However, by the spring of 1916, due to the huge losses already suffered, there was a general shortage of officers in the wider army. Consequently the existence of these five units of  “officer material” became something of an embarrassment and their rank and file members were encouraged (not to say pressured) into applying to become officers for dispersal around the rest of the army In April 1916, three of the Royal Fusiliers Public School Battalions were disbanded leaving just the 20th operational.

This unit would then largely have comprised of those men who had resisted, against the wishes of the War Office, the call to train as officers; the remnant of the 20th battalion being augmented by men of a similar feeling from the other three battalions.

 It was maybe only a “fortune of war” and unfortunate, though convenient for the authorities that the 20th Battalion suffered such heavy casualties shortly afterwards.

©Tony Goulding 2016-06-21

Pictures; the Thiepval Memorial to the Somme Fallen, C.W.G.,School Sign 1973 D. Scholes, M38580,
Aerial view of William Hulmes G. S. 1920,Imperial Aerial photographic Co.,M67839, courtesy of Manchester Libraries, Information and Archives, Manchester City Council, Map of German defensive lines around High Wood, July 1916 by “The Times”, A battalion of Royal Fusiliers going up into action, probably later in the war, taken by Tom Aitken http:/ (12) n 390, Caterpillar Valley cemetery, CWGC site, fighting in adjacent areas of the Somme Battlefield, Trones Wood, 8-14 July 1916, Delville Wood 14-19 July 1916, Total devastation of the area this was the main street of Longueval (Daily Mail Official War Photograph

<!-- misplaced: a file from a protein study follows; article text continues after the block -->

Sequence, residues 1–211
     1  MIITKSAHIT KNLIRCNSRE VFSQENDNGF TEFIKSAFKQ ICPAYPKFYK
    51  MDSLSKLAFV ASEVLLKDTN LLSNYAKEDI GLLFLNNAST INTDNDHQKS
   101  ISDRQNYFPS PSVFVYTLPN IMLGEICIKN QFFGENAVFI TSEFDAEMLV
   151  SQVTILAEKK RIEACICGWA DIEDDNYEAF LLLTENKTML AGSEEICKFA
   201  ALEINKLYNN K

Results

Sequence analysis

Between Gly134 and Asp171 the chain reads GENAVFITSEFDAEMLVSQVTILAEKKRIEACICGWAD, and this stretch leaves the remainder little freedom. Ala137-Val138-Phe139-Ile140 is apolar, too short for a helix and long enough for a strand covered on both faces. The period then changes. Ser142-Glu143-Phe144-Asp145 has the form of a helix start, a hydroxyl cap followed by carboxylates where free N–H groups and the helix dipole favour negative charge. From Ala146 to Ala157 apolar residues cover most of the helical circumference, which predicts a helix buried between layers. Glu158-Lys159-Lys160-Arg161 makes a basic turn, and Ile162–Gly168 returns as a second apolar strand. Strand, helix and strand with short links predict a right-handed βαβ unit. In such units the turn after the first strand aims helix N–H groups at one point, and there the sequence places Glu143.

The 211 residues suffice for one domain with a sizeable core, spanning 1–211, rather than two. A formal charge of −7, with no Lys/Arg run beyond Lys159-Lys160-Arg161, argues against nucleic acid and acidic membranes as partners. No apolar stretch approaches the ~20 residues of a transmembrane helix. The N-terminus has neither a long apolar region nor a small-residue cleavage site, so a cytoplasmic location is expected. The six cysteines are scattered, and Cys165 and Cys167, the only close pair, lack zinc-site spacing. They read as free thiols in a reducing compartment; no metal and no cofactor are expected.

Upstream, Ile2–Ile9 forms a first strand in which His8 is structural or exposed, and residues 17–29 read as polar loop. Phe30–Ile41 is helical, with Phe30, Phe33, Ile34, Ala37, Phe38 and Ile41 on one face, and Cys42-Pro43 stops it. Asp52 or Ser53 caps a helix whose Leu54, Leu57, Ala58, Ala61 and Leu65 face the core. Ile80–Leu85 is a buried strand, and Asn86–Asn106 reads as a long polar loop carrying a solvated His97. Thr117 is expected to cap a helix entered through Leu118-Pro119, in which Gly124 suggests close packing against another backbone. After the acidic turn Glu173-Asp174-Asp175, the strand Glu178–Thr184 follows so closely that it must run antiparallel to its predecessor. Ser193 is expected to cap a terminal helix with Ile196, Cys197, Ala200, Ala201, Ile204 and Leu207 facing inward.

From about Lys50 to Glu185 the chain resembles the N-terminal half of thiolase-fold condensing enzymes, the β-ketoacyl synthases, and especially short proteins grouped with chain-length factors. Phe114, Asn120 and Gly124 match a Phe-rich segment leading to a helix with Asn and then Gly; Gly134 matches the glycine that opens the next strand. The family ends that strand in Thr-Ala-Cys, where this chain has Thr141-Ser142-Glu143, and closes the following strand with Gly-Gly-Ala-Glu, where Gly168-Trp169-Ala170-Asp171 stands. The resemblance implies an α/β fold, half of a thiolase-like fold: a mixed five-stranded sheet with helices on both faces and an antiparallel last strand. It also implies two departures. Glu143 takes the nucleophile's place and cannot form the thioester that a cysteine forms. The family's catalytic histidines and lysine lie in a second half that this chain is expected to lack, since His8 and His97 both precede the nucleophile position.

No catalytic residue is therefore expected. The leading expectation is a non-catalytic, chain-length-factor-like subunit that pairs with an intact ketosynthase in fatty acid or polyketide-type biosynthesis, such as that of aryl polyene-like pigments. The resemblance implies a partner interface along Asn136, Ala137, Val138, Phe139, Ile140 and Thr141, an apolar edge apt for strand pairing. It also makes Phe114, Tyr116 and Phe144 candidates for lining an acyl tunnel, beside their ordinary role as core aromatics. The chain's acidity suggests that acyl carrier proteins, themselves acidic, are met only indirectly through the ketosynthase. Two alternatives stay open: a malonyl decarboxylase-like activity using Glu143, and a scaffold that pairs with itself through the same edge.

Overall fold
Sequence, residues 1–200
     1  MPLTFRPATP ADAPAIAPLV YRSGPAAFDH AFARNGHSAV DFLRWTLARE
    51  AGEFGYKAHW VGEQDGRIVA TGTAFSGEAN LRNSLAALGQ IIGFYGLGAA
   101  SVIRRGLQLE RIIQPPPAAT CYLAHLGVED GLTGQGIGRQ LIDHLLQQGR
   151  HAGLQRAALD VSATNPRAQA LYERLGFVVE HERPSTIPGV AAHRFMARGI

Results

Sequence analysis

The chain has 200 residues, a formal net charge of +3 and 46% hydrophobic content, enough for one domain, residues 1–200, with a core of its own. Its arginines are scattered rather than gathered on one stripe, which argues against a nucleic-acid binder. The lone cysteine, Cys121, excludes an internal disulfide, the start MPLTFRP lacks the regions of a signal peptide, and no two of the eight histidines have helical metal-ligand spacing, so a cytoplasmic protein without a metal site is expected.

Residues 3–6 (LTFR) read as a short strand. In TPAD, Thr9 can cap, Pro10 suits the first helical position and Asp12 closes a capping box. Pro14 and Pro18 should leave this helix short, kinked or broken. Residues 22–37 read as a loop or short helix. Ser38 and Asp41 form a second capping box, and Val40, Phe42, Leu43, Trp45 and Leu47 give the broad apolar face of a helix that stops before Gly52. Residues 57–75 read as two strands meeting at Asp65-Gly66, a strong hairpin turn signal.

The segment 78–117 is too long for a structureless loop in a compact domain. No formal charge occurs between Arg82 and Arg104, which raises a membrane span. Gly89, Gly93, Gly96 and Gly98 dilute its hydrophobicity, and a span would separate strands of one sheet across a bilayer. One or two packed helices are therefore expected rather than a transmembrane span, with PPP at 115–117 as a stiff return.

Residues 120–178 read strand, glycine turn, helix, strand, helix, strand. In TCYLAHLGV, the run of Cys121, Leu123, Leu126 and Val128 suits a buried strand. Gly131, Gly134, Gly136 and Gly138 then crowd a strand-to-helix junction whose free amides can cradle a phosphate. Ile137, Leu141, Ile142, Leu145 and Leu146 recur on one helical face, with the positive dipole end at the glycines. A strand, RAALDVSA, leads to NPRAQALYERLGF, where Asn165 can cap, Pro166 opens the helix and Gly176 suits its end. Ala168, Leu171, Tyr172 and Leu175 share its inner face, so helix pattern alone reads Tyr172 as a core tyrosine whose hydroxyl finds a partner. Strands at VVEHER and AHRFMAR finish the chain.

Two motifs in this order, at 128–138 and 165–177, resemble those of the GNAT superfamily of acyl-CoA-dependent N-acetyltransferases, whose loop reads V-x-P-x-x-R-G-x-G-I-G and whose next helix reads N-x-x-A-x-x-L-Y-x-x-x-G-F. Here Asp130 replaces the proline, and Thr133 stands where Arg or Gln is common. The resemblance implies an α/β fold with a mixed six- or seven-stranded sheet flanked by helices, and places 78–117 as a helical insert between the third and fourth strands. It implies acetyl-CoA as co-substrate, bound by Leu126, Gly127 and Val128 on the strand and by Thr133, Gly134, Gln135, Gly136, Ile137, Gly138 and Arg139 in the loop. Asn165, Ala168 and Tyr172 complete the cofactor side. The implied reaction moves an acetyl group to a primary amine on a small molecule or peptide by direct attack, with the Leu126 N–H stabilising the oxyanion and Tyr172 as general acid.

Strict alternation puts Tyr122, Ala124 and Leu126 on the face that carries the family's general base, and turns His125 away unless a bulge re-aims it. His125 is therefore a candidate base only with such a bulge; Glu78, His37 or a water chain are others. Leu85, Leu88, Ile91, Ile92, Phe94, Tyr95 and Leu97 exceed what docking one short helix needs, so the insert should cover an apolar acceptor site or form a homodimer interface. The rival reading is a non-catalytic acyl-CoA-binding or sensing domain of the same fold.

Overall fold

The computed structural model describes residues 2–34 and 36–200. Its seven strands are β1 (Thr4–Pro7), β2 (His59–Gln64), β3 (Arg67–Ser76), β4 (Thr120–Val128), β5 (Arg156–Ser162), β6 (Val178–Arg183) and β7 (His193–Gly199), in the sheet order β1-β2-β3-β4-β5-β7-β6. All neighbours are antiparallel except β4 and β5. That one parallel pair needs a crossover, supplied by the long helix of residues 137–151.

1) November 18th is usually cited as being the final day of the battle.
2) There are strong indicators that this was at Manchester Central High School which includes an “Alexander Ross” on its memorial roll. Also one of his aunties, on the 1911 census, was a “superintendant of a municipal school of domestic economy”
3) Ernest was able to do this with the aid of a scholarships awarded him by Lancashire County Council,  a science award he won in 1892 was worth £60-00 p a year for 3 years and one of just eight such awards that year.

1 comment:

  1. I read a prenious(now disappeared?) comment on this post which offered an interesting alternative view regarding the history of the 20th battalion. It seems that the dearth of officers being promoted from this unit was a matter of some concern so much so that a question was asked on this issie in the House of Commons in March,1916 It seems that the low level of promotions may have been due to intransigence on the part of the units' commanding officer Lt Col Charles Hugh Bennett